For Private Collectors, Dinosaur Bones Are Like The New Picasso

Tuesday, June 29, 2021

These days, fossil collectors crave bones like fine art. In the last month, a tyrannosaurus tooth sold at auction for over $11,000. A double butterfly in amber sold at the same auction for almost $38,000.

Could bones become the new Picasso? And who has the cash to take a bite out of the world's inventory of dinosaur bones anyway?

Christian Sidor is a paleontologist at the Burke Museum. He says that among all the rare things in the world that collectors yearn for, dinosaurs and fossils are at the top of the list. And people generally don't have to go far. They can search their own private land.

"There are a lot of commercial collectors out there these days," Sidor said. "There's a huge economic incentive for people to go out and look for them on private land. All of that is totally legal."

"That's what our culture, our government, has decided is the way to go. We've carved out exceptions for archeological sites, you're not allowed to just take [from] whatever archeological site that's on your land, that has special laws governing it [...] fossils are treated as private property, and so if you're on your land, it belongs to you."

Sometimes, land owners will strike a deal with a commercial outlet and let them excavate the private land for fossils. In return, they'll share the fossil's profits after it sells at auction.

There's a market for just about anything — and fossils are hot right now. Collectors are paying tens of thousands of dollars for the latest dig, and that's making it difficult for museums and universities. Private collections are also threatening paleontologists' missions to track important finds.

But what about paleontologists like Sidor? Does he decorate his home with dinosaur skeletons? Or at a minimum, keep a private collection of fossils?

"No, I don't," Sidor said. "As a professional paleontologist, we have an ethics statement. And part of that [is] fossils should be reposited in public museums. So, a privately-held fossil goes against that ethics statement."

What about the ethical responsibility of museums? Museums in the United States and Europe have a historical legacy of taking fossils from the countries they colonized, and then displaying them in their own museums.

Sidor says that in the past few years, he's heard of several cases in which fossils were illegally exported, and then ended up in a museum or in the hands of a private owner.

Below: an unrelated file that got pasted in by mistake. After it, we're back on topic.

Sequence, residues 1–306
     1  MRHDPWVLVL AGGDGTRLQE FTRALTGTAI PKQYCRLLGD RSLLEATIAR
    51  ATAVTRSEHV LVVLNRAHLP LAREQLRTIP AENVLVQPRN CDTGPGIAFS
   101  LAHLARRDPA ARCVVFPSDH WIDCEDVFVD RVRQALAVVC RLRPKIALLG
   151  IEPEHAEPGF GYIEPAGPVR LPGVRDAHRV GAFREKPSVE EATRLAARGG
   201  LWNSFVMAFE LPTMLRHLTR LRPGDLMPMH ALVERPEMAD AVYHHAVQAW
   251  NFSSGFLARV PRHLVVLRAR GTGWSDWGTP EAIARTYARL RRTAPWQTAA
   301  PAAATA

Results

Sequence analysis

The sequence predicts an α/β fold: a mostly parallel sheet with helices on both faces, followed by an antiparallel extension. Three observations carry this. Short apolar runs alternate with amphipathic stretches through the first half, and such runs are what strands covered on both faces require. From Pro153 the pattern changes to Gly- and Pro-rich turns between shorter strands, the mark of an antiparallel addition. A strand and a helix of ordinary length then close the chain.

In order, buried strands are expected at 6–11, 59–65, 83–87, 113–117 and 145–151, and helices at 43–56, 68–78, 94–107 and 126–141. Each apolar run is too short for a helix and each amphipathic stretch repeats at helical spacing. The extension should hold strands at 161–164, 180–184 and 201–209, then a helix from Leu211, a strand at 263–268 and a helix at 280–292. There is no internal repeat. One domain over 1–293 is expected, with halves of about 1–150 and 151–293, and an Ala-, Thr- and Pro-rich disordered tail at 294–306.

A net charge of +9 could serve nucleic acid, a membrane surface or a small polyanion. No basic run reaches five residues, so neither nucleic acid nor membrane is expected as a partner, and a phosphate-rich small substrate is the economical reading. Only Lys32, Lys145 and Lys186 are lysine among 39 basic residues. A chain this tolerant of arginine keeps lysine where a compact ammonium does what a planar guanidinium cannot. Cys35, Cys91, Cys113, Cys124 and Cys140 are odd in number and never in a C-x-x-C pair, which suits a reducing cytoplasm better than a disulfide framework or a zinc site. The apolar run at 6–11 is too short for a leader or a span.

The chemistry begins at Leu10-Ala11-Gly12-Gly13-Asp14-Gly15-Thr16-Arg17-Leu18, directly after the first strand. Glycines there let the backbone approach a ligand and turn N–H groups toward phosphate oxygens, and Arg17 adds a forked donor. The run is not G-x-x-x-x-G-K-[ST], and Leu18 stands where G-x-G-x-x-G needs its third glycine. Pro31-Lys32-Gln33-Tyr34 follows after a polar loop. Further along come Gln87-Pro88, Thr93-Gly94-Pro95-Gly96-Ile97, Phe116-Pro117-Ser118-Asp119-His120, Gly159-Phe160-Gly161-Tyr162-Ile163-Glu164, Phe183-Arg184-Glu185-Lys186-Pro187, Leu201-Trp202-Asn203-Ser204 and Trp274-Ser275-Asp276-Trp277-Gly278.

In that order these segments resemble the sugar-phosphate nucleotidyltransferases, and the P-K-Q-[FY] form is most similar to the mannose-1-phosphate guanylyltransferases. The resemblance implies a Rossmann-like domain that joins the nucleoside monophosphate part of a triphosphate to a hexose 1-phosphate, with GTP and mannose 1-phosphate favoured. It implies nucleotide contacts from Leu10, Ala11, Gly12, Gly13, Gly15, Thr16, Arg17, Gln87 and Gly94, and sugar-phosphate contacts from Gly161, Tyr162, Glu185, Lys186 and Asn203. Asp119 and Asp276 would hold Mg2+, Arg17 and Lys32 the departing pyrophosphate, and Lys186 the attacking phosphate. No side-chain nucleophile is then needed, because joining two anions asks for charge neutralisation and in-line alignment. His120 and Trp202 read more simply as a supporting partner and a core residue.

"There are just so many fossils however, we'll never know of, that go into private hands [and] the research community never hears of them, or only hears of them through some shadowy photo that someone has of this spectacular something or other, that will never see the light of day, scientifically," Sidor said.

When it comes with competing with private fossil collectors with seemingly unlimited budgets, public institutions like museums just can't keep up.

"Anytime we're competing with private individuals who have that kind of purchasing power, natural history museums as nonprofits just can't compete," Sidor said. "Barring having people who are affiliated with the museum, supporters of the museum will go out and purchase something and then donate it to the museum, we're out of luck."

Dinosaurs have fascinated humans for centuries, and they still impact our culture today. Movie franchises like Jurassic Park are a testament to that. It's understandable that dinosaur fanatics could want to own the bone of their favorite type of herbivore. But that desire comes at a greater cost, according to Sidor.

"People should know that if fossils go into private hands, the scientists aren't going to see them, but more importantly, maybe the public isn't going to see them," Sidor said. "They're going to be in someone's big vaulted ceiling, and at some point in the future someone's probably going to get bored of that and decide they want something else in that space, and then who knows what happens to the fossil at that point?

Produced for the web by Noel Gasca from an interview between host Bill Radke and Christian Sidor from the Burke Museum of Natural History and Culture